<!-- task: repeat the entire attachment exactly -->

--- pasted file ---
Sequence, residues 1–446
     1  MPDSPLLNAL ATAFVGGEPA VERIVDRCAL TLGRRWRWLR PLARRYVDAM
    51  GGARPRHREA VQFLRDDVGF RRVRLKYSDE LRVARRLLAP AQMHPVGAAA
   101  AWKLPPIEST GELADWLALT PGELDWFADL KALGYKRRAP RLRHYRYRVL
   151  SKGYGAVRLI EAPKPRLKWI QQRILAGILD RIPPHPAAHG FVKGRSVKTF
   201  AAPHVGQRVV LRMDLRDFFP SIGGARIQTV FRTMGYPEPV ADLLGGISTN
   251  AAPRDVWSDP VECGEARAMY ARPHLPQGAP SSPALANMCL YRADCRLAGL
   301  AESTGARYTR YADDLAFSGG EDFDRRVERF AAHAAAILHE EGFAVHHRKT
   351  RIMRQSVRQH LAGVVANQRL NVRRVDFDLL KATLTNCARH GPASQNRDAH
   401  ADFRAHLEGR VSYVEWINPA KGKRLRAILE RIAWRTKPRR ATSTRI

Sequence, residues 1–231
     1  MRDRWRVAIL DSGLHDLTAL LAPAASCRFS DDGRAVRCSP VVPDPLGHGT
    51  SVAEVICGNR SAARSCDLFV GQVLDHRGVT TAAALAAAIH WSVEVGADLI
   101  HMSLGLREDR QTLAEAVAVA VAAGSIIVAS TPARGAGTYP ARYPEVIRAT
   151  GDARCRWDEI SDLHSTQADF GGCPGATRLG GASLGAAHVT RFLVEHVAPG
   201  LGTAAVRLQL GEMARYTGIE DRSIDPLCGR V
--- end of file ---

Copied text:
Sequence, residues 1–446
     1  MPDSPLLNAL ATAFVGGEPA VERIVDRCAL TLGRRWRWLR PLARRYVDAM
    51  GGARPRHREA VQFLRDDVGF RRVRLKYSDE LRVARRLLAP AQMHPVGAAA
   101  AWKLPPIEST GELADWLALT PGELDWFADL KALGYKRRAP RLRHYRYRVL
   151  SKGYGAVRLI EAPKPRLKWI QQRILAGILD RIPPHPAAHG FVKGRSVKTF
   201  AAPHVGQRVV LRMDLRDFFP SIGGARIQTV FRTMGYPEPV ADLLGGISTN
   251  AAPRDVWSDP VECGEARAMY ARPHLPQGAP SSPALANMCL YRADCRLAGL
   301  AESTGARYTR YADDLAFSGG EDFDRRVERF AAHAAAILHE EGFAVHHRKT
   351  RIMRQSVRQH LAGVVANQRL NVRRVDFDLL KATLTNCARH GPASQNRDAH
   401  ADFRAHLEGR VSYVEWINPA KGKRLRAILE RIAWRTKPRR ATSTRI

Sequence, residues 1–231
     1  MRDRWRVAIL DSGLHDLTAL LAPAASCRFS DDGRAVRCSP VVPDPLGHGT
    51  SVAEVICGNR SAARSCDLFV GQVLDHRGVT TAAALAAAIH WSVEVGADLI
   101  HMSLGLREDR QTLAEAVAVA VAAGSIIVAS TPARGAGTYP ARYPEVIRAT
   151  GDARCRWDEI SDLHSTQADF GGCPGATRLG GASLGAAHVT RFLVEHVAPG
   201  LGTAAVRLQL GEMARYTGIE DRSIDPLCGR V